As I said at the start, there is the subjective piece to enjoying art. For any individual, the subjective opinion is all that matters. I have played Super Mario Strikers for 16 and a half years since its release in December 2005 despite fulfilling all objectives in the game many times over, and it not having anything to offer other than playing the AI over and over and over and over. I love it. I do not care that reviewers at the time gave it average to below-average scores. It is my favorite game of all time. Battle League, unsurprisingly, doesn’t quite hit “favorite game of all time” status for me. But also unsurprisingly it is far, far better an experience than the below-average to average reviews give it credit for.
And that’s because the developers of Battle League, Mario Tennis Aces, and Mario Golf: Super Rush spent an extremely long amount of time refining the core gameplay of their respective games. This came at the cost of all of those objective problems against them that reviewers cite. I want to be very clear here: if you want a game that you can play for 16.5 years against the AI only, or a game with a lot of variety in characters, or a game with any sort of extensive single-player, do not get Battle League. I do not think you’re a worse person for not getting the game for any of these reasons. They are all very justifiable reasons to not spend $60. But if there’s one thing I want to be equally clear about: the gameplay of Battle League is extremely fun. It’s got a super-high skill cap, it’s very fast, and it just is flat-out fun. I have complaints with the core gameplay for sure–I don’t like how important items are, how hard it is to actually retrieve items from the boxes thrown on the field after earning one, I think hyper strikes are an awfully balanced mechanic that shouldn’t give 2 goals automatically for a timing minigame, it’s very hard to aim your hits especially when past games had you home in people as soon as you pressed the button, and it’s very hard to switch to the right person AND know who you switched to on the fly with the difficult-to-read player markers.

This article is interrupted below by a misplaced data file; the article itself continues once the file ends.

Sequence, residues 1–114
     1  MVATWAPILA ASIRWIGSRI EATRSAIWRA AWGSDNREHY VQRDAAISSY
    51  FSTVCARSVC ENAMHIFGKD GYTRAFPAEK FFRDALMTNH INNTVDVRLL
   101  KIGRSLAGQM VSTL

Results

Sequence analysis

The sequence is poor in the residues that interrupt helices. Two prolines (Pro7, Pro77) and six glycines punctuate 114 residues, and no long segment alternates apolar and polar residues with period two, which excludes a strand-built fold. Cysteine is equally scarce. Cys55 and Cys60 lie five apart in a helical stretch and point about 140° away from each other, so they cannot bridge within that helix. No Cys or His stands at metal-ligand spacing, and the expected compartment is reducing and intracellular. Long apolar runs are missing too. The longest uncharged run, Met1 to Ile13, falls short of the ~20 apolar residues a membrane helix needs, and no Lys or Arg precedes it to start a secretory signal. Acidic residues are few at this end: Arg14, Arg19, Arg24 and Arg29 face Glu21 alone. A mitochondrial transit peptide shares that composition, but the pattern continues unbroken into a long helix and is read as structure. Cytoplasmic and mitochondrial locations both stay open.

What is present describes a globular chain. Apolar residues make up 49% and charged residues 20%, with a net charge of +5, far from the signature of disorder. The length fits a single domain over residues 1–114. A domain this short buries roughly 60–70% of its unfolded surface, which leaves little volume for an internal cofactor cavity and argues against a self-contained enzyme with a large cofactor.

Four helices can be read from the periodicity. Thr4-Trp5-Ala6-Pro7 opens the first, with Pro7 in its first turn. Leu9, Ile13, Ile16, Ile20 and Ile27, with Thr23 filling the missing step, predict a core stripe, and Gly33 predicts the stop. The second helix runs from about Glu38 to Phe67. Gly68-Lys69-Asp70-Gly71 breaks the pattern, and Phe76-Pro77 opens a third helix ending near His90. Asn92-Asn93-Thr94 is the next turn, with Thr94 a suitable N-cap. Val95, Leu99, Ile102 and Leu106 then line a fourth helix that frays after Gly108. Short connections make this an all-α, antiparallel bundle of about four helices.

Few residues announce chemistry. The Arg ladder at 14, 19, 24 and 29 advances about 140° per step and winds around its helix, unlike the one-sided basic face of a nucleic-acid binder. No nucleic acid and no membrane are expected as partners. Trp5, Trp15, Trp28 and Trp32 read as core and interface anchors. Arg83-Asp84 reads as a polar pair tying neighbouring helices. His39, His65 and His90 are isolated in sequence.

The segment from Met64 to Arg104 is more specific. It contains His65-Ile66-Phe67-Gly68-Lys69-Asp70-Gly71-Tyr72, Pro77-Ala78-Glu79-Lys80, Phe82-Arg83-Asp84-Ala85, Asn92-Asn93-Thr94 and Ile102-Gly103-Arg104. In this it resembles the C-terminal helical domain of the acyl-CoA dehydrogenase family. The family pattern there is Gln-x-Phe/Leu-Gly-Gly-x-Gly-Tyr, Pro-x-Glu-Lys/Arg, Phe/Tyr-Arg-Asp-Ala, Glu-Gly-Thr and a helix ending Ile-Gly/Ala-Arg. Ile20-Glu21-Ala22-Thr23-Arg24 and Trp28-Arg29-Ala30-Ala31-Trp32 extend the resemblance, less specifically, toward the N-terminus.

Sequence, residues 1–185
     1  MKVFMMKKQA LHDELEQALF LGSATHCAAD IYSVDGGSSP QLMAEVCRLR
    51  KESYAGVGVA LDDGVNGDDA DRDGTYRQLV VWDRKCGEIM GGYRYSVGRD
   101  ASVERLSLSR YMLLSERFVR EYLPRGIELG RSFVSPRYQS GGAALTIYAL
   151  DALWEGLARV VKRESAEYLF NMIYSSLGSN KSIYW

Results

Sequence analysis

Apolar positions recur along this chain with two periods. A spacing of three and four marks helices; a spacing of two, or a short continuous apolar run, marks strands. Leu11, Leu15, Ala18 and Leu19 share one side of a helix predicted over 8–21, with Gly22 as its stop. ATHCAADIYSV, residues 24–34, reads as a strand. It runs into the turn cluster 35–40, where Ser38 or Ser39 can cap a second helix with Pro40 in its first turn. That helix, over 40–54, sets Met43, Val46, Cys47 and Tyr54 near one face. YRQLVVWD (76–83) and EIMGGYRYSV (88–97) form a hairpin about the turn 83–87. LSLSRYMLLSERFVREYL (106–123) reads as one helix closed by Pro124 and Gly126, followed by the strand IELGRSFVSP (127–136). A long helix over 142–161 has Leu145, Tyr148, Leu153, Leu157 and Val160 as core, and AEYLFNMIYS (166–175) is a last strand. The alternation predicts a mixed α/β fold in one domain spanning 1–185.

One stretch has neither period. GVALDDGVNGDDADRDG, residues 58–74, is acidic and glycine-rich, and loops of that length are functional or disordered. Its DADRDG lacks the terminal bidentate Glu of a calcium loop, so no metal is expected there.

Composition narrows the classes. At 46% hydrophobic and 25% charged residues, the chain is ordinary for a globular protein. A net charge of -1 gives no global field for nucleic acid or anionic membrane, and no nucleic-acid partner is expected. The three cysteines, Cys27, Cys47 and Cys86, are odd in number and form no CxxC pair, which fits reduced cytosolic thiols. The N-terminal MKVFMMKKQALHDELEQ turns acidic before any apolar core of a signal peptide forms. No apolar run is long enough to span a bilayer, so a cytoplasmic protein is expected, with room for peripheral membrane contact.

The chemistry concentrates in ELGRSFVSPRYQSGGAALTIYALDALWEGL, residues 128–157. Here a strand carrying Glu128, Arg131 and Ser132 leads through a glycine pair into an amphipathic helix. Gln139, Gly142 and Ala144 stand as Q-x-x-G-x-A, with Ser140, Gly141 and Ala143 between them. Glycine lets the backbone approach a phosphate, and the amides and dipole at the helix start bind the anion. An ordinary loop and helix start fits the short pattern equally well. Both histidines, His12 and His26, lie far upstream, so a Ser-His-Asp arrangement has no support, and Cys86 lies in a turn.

Yet, despite this: I love the game. It is the game I waited 15 years for since Charged. I did not love the core gameplay of the other maligned Mario Sports games, such as Mario Golf: Super Rush or Mario Sports Superstars, and didn’t play them much. Battle League is a game I expect to play for a while since it is a worthy successor to the Strikers series in terms of gameplay. The only problem is that I can only play the game as long as the online mode is active enough for constant games since, as I said, you cannot easily chain matches against AI. Only when you do quick play online do you get games in a row without menu action. And it is here where the objective problems will both hurt the game now as the negative reviews and lack of content will drive a good amount of potential players away, and will eventually kill the game compared to the original Super Mario Strikers or Mario Strikers Charged. It will simply have too much friction between games when I can play 16 games of Super Mario Strikers with having to navigate 20 seconds of menus and loading screens between them.
In terms of the other basic subjectives such as graphics and music, I think the game has fun graphics and pretty good animations. They’re very Punch Out!! inspired rather than Mario Strikers Charged inspired, so I, as a long-time fan, am a little underwhelmed with them compared to MSC. The music has a lot of great remixes of old Strikers and other Mario game music, but the character themes all blend together which is a real shame after how good the character themes in Mario Strikers Charged were.
Overall, I really love Battle League, and am deeply saddened that its objective flaws will hold back the titular objective of conquering the Battle League from being as fun as it should’ve been. I will still enjoy the online for as long as I can stomach it–I got very quickly too upset playing Charged’s online and had to stop after about 2 months because I cared too much. And then I will likely go back to playing the original Strikers. But that’s not this game’s fault.